Pituitary adenylate cyclase-activating polypeptide (PACAP) is a highly conserved pleiotropic neuropeptide that functions as a neurotransmitter, neuromodulator and neurotrophic factor. Accumulating evidence implicates PACAP as an important regulator of both central and/or peripheral components of the stress axes, particularly exposure to prolonged or traumatic stress. Indeed, PACAP and its cognate receptors are widely expressed in the brain regions and peripheral tissues that mediate stress-related responses. In the sympathoadrenomedullary system, PACAP is required for sustained epinephrine secretion during metabolic stress. It is likely that PACAP regulates autonomic function and contributes to peripheral homeostasis by maintaining a balance between sympathetic and parasympathetic activity, favoring stimulation of the sympathetic system. Furthermore, PACAP is thought to act centrally on the paraventricular nucleus of the hypothalamus to regulate both the hypothalamic-pituitary-adrenal axis and the sympathetic nervous system. Intriguingly, PACAP is also active in brain structures that mediate anxiety- and fear-related behaviors, and the expression of PACAP and its receptors are dynamically altered under pathologic conditions. Thus PACAP may influence both hard-wired (genetically determined) stress responses and gene-environment interactions in stress-related psychopathology. This article aims to overview the molecular mechanisms and psychiatric implications of PACAP-dependent stress responses.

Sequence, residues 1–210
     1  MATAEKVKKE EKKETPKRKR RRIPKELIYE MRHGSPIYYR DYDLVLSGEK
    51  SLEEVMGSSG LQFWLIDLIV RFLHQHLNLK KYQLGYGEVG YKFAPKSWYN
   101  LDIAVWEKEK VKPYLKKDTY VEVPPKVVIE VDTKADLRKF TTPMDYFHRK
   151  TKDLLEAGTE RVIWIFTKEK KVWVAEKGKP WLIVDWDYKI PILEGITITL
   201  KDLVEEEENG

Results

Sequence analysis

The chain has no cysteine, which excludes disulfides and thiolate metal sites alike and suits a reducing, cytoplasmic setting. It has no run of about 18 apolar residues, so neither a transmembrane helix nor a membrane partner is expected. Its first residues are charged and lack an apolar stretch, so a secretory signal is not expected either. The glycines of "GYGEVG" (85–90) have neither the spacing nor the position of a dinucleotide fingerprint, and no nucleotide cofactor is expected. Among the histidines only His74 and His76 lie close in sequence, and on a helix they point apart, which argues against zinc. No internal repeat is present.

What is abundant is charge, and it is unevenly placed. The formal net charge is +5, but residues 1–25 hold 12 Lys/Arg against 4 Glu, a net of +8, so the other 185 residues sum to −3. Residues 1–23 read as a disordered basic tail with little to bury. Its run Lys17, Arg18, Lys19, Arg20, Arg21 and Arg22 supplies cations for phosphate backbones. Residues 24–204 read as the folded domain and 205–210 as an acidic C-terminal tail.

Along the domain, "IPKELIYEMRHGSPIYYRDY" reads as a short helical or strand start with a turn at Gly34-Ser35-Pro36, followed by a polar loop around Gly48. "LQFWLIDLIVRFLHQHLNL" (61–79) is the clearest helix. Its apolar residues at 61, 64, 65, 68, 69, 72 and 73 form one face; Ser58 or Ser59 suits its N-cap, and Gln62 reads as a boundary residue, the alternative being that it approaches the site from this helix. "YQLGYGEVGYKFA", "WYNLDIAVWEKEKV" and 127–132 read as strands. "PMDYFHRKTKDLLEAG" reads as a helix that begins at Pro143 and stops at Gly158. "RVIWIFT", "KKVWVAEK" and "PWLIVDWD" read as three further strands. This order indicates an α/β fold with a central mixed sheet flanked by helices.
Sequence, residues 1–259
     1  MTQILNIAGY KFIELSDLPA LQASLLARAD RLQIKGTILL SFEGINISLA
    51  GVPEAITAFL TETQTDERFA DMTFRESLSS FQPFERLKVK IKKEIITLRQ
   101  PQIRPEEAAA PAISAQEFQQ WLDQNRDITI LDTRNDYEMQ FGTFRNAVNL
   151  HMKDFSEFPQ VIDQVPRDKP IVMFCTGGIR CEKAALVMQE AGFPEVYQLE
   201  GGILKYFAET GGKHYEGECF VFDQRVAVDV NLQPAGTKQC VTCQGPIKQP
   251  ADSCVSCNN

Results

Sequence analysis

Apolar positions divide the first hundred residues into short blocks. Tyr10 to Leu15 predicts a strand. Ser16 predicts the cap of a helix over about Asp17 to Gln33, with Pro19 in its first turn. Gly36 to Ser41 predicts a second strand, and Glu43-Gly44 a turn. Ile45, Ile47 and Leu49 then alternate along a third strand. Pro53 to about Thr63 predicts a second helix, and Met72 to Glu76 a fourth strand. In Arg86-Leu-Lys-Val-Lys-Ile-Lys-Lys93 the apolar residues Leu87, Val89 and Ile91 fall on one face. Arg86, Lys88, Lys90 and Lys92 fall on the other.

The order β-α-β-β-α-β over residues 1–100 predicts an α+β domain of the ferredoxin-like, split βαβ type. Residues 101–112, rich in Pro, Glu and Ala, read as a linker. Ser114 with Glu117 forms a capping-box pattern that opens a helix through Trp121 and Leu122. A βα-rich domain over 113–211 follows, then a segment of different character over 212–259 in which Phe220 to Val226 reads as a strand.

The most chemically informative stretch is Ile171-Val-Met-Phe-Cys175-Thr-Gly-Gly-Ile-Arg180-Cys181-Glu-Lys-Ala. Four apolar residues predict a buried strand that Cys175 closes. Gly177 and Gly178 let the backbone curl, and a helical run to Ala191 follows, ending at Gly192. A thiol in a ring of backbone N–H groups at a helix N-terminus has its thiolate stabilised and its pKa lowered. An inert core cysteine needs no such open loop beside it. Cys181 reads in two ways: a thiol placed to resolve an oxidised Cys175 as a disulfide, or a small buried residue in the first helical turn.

Keywords: Hypothalamic-pituitary-adrenal (HPA) axis, PACAP, paraventricular nucleus (PVN) of the hypothalamus, post-traumatic disorder (PTSD), psychiatric disorders, stress, sympathoadrenomedullary system, sympathetic nervous system, sympathoadrenomedullary, stressors, colocalize, protochordates, cognate, magnocellular, oxytocin, immunostaining, catecholaminergic, norepinephrine, chromaffin, adrenocorticotropin, osteosarcoma, schizophrenia
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